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OC, it sounds like you really enjoy the western streams. I moved out here not quite 2 years ago and love it. I had a dream trip last year fishing around yellowstone for about 10 days and heading back again this June. Perhaps the toughest part of fishing Henry's Fork is that soo many insects hatch at the same time. We took fish on Green Drake nymphs, micro caddis soft hackles, PMD cripples, Flavalina emergers, drys, and spinners and got absolutly skunked by a late evening hatch of size 10 Brown Drakes, all on the same day. The challenge is not only finding the right emerging crippled off yellow PMD dry Fly but to realize quickly that the fish have switched to the Flavs.

Brad
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  #19  
Old 02-08-2002, 06:15 PM
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FrenchCreek FrenchCreek is offline
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For Trout to feed..

Dries are around a fair amount of time but nymphs and other subsurface critters make up a large proportion (something like 80% I think) of the trout's diet.
I still prefer to go after the 20% and use dries most of the time.
If I'm not going to catch a trout, I'd rather do it with a dry!
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  #20  
Old 02-08-2002, 06:34 PM
kcsmes kcsmes is offline
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All of the western dry fly fishing sounds great and I hope I have the opportunity some time. As I said before, it may be due to the limited opportunities and times that I get to fish or the rivers that I can fish in those opportunities. I have spent many a fishing trip walking a river to find rising trout and agree that there is nothing like finding the opportunity and the right fly and presentation and landing the fish. I have found that those opportunities just don't present themselves that often where and when I fish and I have found that there are fishing challanges and satisfaction to fishing other methods. I know its not the cathing its the fishing but I would rather have a wet tight line than dry flys and dry lines.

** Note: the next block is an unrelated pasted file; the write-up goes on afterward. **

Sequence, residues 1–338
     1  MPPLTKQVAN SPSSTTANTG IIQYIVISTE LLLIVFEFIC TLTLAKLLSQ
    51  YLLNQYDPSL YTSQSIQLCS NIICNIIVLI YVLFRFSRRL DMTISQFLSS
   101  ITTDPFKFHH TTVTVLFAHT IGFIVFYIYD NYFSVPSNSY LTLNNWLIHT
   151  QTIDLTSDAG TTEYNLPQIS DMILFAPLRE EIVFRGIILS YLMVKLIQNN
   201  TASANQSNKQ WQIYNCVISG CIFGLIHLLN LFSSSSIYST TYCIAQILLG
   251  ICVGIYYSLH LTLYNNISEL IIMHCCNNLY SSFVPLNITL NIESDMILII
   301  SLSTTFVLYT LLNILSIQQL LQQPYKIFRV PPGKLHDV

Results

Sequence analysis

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  #21  
Old 02-08-2002, 06:38 PM
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pmflyfisher pmflyfisher is offline
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Okay, my spirit is renewed, it is good to see there are some dry fly fisherman out there.

But the response has not been large compared to the number of flyfishers on this forumn. I guess we need to give it more time for response.

I myself have been dredging mid west steelhead primarily for the last 20 years, since I was transferred here from back east. It is hard to go back to trout fishing when we can fish steelhead about 9-10 months out of the year in the rivers here in the great lakes. Thanks to the summer run steelhead now being stocked heavily in Lake Michigan. Lots of great trout fishing here though in Michigan and Wisconsin.

Steelhead dry fly fishing here has a very low probability of success in the mid west.

Wonder how many steelhead and Atlantic salmon dry fly only fisherman there are? Thats another very low probability success factor but something I have always wanted to do.